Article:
From The Age: http://www.theage.com.au/opinion/its-time-to-enlarge-our-closed-family-circles-20090104-79t2.html
It’s time to enlarge our closed family circles
January 5, 2009 – 1:20AM
FORGET wide brown land, forget the drought — when I returned to Australia after a two-year absence, the country resembled a fecund cabbage patch.
Australia was having its biggest baby boom since 1992 and many of my close friends were doing their bit for population growth.
Suddenly my life was filled with new people — new little people: Jacks and Matildas, Rorys and Charlies and Olivias.
I’ve got enough friends, thank you very much, I thought, but like it or not I was going to have some more.
A generational shift occurred when my back was turned and suddenly I had become a family friend.
It’s a big responsibility — but I wondered, what does it entail these days? How would I do it? What’s the role now anyway — and does it even exist?
Parenting manuals, websites and chatrooms tell you until your ears bleed how to be a good parent, but all are silent on how to be a good family friend. “Family friend” is a phrase almost absent from any public discussions about
It is used sotto voce when discussing abuse, as in he was “once a trusted family friend” or a “family friend” is wheeled out to make statements to the media after a tragedy when the immediate family is too distraught to talk.
But other than that, the family friend has somehow slipped away from public discussions about family life.
The notion of family has contracted — suspicion lurks in the public swimming pools and in the parks.
In England, The Guardian reported recently that a grandmother was questioned by police for playing in semi-secluded woodland with her grandchildren. Several joggers had reported seeing something “suspicious” — that is, someone playing with children who did not look like the mother. In these days of fear and loathing, of stranger danger, you are either a parent or you’re not. There is no middle ground. But I would like to think there is something in between — someone who cares for the child in a parental way, who the parent trusts — an older friend to the child, a long-time friend of the parents — that is, a family friend.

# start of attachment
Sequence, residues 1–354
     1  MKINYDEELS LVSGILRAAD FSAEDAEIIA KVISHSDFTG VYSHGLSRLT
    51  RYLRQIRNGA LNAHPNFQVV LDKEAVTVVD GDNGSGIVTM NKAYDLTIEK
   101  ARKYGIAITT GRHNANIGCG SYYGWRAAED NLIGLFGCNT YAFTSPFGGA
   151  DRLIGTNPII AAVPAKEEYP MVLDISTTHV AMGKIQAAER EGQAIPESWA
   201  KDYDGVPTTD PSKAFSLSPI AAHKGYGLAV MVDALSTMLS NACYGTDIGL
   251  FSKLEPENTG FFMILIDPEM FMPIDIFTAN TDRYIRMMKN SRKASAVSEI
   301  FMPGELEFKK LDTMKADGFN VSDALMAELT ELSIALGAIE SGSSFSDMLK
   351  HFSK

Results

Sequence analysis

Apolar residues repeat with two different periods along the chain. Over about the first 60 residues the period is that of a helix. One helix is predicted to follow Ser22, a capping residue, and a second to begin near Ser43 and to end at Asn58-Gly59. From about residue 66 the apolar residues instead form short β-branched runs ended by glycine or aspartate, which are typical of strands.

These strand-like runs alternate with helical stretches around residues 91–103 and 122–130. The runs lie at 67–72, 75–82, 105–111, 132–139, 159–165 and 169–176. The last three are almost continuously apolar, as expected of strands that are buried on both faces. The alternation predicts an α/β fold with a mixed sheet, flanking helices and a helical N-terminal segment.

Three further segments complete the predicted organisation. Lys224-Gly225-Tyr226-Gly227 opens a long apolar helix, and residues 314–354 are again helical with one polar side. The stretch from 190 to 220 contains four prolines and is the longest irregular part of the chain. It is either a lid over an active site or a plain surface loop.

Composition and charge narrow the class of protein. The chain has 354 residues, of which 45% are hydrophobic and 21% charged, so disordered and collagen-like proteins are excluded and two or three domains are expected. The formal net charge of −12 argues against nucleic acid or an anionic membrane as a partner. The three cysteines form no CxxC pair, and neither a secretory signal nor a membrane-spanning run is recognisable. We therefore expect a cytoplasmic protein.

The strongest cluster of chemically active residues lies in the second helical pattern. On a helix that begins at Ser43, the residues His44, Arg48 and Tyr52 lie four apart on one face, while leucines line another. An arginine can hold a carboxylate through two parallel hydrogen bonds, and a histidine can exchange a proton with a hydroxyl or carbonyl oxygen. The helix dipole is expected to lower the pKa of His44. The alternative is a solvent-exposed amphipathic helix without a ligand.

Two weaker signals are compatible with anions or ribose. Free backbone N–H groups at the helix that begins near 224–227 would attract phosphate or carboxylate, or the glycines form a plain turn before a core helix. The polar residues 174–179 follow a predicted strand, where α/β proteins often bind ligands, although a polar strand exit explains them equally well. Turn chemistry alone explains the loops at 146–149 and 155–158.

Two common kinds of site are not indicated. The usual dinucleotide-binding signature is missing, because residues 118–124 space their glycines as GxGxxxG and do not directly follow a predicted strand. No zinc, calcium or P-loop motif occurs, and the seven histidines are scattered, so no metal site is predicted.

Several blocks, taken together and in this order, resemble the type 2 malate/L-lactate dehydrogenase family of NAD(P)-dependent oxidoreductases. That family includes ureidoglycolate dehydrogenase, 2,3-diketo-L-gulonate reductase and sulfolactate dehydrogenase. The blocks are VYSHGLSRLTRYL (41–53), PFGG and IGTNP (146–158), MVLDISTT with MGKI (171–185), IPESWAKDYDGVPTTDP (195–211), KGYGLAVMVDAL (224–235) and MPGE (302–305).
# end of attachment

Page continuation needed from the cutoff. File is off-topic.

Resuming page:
When I was growing up, besides my parents and grandparents, family friends were the most important adults in my life.
Not only did they look after us, they played a major role in keeping my parents sane — companions on the odd night out away from home and a friendly ear when they felt overwhelmed by four small children.
When I was older and away at university, it was family friends that moved me into college, and it was in their houses I stayed when I felt homesick. They were an extension of my parents but now, as an adult, they have become my friends.
Recently, some family friends (university buddies of my parents) met me for dinner in London. It had been many years since I had seen them, yet there was a special warmth in the room that evening. They knew me before I even knew myself, maybe felt me kicking in utero; they knew my parents when they were first married and younger than I ever believed them to be. They babysat me and my brothers when we were little, and we went on family holidays together. They had, over the decades, nurtured me. Now as adults we were sitting down and having a meal. Maybe that’s what family friends give you in the end — history, and a feeling of being known in a deep and abiding way that new faces, brief encounters and fresh friendships can’t provide. Family friends have been privy to my tantrums and tears and changed my nappies — which is not something I can say, thankfully, for my own friends.
Back in Melbourne, I hold the Jacks and Matildas — all the new babies — the way my parents’ friends once held me. I also see us 30 years ahead — in a restaurant together, talking, marvelling at knowing them before they knew themselves.